Spinal Stenosis

Spinal Stenosis
Spinal stenosis is a condition in which open spaces within the spine become narrowed, causing pressure on the spinal cord and nerves of the spine.

Spinal stenosis is a condition in which open spaces within the spine become narrowed, causing pressure on the spinal cord and nerves of the spine. Spinal stenosis usually occurs in the spinal canal itself, generally in the neck (called cervical spinal stenosis) or lower back (called lumbar canal stenosis). It is most common in those over age 50, although it can occur in younger people as well.

Sometimes spinal stenosis causes no symptoms, but depending on the location and intensity of the spinal pressure, it can cause pain, numbness, weakness, and in severe cases bowel and bladder problems.

What Causes Spinal Stenosis?

Spinal stenosis can be a natural result of aging, as the spinal canal becomes compressed through years of wear and tear. In other cases, spinal stenosis can be attributed to a specific cause such as an injury, accident, or a related spine condition such as a herniated disc.

When people under the age of 50 have spinal stenosis, it is usually due to a genetic predisposition called congenital spinal stenosis, which means they are born with a small spinal canal. This can put pressure on areas of the spine. It’s much more common for spinal stenosis to develop in those over 50.

Causes of stenosis are:

Bone spurs: Bone spurs can form between the vertebrae in anyone as they age, and they usually occur in those over 40.

Arthritis: Osteoarthritis is a common condition among those over 50. It can cause disc degeneration, bone spurs, and overgrowth of ligament that can lead to spinal stenosis. Rheumatoid arthritis is a less common cause of spinal stenosis, although the inflammation it causes can create pressure (usually in the neck) that leads to stenosis.

Degenerative spondylolisthesis and degenerative scoliosis (curvature of the spine): Degenerative spondylolisthesis (slippage of one vertebra over another) is often caused by spinal degeneration. Frequently, this is seen with lumbar spinal stenosis.

Herniated disc: Herniated discs, also known as slipped or ruptured discs, occur when the cushions in the spine that act as shock absorbers become weakened. Slipped discs have various causes, including age, obesity, and injury. When a disc ruptures, it may put pressure on the spinal cord or nerves, and may cause spinal stenosis. Read more about herniated discs.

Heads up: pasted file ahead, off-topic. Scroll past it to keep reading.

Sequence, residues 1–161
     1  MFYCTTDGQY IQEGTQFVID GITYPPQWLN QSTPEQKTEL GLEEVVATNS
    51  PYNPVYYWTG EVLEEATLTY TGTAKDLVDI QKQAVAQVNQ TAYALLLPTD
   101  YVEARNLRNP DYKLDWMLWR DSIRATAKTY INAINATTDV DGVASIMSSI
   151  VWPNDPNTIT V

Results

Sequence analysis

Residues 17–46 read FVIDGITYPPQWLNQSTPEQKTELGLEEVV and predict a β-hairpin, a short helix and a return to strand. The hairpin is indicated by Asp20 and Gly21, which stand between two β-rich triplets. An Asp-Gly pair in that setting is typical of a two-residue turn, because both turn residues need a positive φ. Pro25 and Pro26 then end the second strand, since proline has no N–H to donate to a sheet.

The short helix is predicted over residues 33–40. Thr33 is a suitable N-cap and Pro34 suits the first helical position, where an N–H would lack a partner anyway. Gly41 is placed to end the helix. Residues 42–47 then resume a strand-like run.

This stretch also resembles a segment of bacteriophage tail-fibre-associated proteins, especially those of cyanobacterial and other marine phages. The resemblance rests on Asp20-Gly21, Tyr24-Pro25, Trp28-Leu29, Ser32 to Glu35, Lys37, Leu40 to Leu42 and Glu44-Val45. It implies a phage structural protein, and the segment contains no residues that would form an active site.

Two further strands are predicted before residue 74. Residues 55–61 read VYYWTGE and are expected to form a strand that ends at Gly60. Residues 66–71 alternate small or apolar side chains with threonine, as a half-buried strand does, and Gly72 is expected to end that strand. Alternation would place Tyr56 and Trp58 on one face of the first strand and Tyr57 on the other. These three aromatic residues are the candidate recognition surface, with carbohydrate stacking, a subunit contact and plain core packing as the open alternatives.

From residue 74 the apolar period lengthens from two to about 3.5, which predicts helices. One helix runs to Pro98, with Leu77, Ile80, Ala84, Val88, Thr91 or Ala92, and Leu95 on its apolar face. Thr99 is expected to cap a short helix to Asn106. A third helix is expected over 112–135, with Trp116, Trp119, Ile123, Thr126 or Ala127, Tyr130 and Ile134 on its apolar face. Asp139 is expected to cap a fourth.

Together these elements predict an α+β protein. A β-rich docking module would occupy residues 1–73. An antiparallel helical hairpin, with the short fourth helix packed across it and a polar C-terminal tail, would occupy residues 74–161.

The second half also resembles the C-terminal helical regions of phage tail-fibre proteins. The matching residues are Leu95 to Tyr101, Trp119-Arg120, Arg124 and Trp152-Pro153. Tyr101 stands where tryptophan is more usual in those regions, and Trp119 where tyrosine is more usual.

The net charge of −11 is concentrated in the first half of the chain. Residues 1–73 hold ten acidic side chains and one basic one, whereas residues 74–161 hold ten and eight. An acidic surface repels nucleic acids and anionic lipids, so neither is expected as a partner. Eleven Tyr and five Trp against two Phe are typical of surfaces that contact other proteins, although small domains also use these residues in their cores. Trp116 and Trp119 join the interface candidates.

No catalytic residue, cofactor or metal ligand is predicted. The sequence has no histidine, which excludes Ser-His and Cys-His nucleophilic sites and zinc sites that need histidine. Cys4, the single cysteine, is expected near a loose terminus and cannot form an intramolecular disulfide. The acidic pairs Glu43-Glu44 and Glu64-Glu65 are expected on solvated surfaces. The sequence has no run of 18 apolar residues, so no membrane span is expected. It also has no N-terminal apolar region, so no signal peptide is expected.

Injuries: Trauma to the spine can cause vertebrae fractures or dislocations, which in turn can cause damage to the spine canal. These injuries can come from sports, car accidents, or falls.

Tumors: Tumors are abnormal growths of soft tissue which can occur in the spinal canal. The growths put pressure on the spinal cord and vertebrae, and can lead to bone loss and displacement.

Symptoms can overlap from condition to condition, which is why it is important to be seen by a specialist, ensuring that an accurate diagnosis is made and effective treatment is prescribed. (See Symptoms of Spinal Stenosis.)

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Dr. Eric Elowitz: Spinal Stenosis

Dr. Eric Elowitz: Spinal Stenosis and Spondylolisthesis
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  • Hansen-MacDonald Professor of Neurological Surgery
  • Director of Spinal Surgery
Phone: 212-746-2152
  • Clinical Associate Professor of Neurosurgery
  • Attending Neurosurgeon
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  • Associate Professor of Neurological Surgery, Spinal Surgery
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  • Assistant Professor of Neurological Surgery
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Phone: 212-746-2821 (Manhattan) or 718-303-3739 (Queens)

Reviewed by: Eric Elowitz, MD
Last reviewed/last updated: September 2020
Illustration by Thom Graves, CMI

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